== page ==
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Black News and Black Views with a Whole Lotta Attitude

Are We Surprised? Looks Like South Carolina GOP Redrew U.S. House Maps To Dilute Black Voting Power

A lawsuit by the NAACP claims the new maps are consolidating Black voters into the lone Democrat 6th District.

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State Sen. Dick Harpootlian, D-Columbia, compares his proposed map of U.S. House districts drawn with 2020 U.S. Census data to a plan supported by Republicans on Jan. 20, 2022, in Columbia, S.C. Federal judges are deciding whether South Carolina’s new congressional maps are legal in a lawsuit by the NAACP which says the districts dilute Black voting power.
State Sen. Dick Harpootlian, D-Columbia, compares his proposed map of U.S. House districts drawn with 2020 U.S. Census data to a plan supported by Republicans on Jan. 20, 2022, in Columbia, S.C. Federal judges are deciding whether South Carolina’s new congressional maps are legal in a lawsuit by the NAACP which says the districts dilute Black voting power.
Photo: Jeffrey Collins (AP)

In what seems to be an ongoing theme after the 2020 Presidential election, another set of state maps is being contested for diluting Black voter power. This time, the NAACP has filed suit in South Carolina over voter boundaries that may have changed the state’s lone Democratic House district, according to the Associated Press.

In January, South Carolina’s Republican legislature redrew maps concerning U.S. House seats and stated there were minimal changes due to the 2020 Census readings. The NAACP’s lawsuit alleges voters in the state’s 1st, 2nd, and 5th Districts are being packed into the 6th District currently held by its sole congressional Democrat, U.S. House Majority Whip Jim Clyburn. Other than the claim that this dilutes Black voting power within the state, the suit also alleges the state legislature is ignoring “communities of interest” in several regions of South Carolina.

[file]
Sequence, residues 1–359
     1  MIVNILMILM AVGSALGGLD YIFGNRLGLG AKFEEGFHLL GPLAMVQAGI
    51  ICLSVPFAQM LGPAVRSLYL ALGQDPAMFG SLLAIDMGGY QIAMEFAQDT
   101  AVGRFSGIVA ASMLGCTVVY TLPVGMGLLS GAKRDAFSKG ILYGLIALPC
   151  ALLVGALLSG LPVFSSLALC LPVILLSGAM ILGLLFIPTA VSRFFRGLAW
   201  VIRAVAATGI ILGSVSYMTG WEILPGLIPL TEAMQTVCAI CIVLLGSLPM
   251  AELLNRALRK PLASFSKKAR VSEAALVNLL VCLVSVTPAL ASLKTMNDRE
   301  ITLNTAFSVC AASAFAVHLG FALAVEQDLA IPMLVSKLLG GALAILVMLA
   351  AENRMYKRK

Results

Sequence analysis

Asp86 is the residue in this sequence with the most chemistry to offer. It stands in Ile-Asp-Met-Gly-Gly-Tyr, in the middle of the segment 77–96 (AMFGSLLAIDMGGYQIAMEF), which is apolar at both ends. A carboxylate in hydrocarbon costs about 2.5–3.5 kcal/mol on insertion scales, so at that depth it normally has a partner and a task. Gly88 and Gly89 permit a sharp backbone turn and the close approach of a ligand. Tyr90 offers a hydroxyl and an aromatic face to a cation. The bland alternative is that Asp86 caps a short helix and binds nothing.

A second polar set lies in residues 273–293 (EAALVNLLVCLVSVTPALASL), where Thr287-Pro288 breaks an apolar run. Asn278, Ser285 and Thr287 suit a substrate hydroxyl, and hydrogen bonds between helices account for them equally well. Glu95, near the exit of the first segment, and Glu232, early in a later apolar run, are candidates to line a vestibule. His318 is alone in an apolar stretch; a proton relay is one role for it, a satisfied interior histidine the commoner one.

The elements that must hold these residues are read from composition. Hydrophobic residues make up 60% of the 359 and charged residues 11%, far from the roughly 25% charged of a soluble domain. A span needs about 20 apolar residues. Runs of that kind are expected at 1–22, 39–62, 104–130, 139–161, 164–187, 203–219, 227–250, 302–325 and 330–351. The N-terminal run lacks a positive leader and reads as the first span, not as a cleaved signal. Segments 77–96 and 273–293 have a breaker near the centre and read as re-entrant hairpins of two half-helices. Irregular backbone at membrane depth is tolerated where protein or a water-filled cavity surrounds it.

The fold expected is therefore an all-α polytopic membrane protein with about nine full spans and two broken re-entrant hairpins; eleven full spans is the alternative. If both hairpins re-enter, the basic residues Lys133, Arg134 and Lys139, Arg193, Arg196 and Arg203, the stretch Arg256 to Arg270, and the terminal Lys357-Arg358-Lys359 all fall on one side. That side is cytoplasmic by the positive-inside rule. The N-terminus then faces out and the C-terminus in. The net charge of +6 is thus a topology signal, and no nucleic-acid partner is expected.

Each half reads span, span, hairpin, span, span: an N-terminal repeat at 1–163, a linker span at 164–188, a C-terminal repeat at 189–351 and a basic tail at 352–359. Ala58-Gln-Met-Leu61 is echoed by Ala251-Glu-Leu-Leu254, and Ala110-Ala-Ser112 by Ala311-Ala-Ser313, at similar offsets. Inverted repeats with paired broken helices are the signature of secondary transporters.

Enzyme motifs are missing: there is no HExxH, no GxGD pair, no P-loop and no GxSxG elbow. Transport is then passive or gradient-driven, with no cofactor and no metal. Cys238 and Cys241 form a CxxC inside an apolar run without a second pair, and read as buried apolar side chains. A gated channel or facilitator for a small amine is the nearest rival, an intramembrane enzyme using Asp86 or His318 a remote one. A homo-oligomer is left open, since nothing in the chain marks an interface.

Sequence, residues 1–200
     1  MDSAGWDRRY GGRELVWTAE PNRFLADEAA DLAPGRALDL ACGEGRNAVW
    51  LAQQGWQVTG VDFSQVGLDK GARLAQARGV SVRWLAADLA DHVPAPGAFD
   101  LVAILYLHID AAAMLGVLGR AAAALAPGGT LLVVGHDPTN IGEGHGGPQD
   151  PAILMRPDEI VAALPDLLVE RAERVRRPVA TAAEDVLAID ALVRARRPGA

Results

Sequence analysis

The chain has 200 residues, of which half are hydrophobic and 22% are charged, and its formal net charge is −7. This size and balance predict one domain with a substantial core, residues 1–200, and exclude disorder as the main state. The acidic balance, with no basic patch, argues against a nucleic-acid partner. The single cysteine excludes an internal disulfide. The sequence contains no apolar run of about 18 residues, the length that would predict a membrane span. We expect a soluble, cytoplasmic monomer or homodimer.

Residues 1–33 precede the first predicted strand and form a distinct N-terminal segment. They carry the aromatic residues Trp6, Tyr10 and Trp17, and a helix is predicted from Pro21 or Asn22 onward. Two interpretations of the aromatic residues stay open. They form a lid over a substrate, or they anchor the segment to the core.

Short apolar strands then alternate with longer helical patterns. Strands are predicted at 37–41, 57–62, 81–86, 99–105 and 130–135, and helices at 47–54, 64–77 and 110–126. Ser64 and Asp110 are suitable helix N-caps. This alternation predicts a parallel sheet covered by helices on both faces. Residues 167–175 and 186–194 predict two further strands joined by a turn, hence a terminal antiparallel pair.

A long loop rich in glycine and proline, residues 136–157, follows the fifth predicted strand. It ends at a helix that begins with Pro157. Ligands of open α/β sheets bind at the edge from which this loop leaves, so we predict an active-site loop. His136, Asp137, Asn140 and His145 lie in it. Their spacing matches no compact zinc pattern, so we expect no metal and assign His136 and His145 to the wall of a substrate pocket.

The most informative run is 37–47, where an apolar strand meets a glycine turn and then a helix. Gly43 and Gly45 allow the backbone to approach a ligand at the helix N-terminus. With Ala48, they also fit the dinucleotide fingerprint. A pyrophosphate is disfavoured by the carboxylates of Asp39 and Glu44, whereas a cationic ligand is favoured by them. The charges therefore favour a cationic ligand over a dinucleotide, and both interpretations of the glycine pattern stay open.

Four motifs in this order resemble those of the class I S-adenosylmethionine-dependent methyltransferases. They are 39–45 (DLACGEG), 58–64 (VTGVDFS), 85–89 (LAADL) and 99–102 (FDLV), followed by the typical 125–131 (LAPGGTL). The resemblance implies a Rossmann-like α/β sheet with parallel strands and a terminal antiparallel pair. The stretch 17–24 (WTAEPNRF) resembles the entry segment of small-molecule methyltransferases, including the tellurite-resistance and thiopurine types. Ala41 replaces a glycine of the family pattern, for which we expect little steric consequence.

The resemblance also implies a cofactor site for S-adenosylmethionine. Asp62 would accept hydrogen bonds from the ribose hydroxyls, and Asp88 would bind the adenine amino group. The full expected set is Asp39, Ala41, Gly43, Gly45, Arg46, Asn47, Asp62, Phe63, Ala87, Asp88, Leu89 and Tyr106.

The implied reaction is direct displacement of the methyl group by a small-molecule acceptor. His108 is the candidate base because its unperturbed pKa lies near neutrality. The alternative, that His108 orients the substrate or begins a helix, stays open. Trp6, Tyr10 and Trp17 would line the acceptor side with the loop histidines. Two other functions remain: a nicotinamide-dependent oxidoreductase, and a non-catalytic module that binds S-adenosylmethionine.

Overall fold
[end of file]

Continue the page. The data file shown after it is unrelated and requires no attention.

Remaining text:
From the Associated Press:

“These maps fly in the face of the geography of the state post-2020, which reflects the movement of Black people to the South Carolina coast,” the lawsuit alleges. “The Legislature chose perhaps the worst option of the available maps in terms of its harmful impact on Black voters that it proposed or were proposed by members of the public.”

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The Supreme Court overturned the 1965 Voting Rights Act of pre-clearance provision that states like South Carolina had to follow when they redrew district maps. The state claims they are following the 2013 guidance. South Carolina’s lawmakers stated they are following the newer guidance.

“The General Assembly did not improperly use race in drawing any district or enacting any redistricting plan,” the legislature’s attorneys wrote. “The General Assembly may have been aware of race in drawing districts and redistricting plans, but such awareness does not violate the Constitution or law.”

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A panel of three federal judges will hear closing arguments in the case in Charleston and then make a later ruling.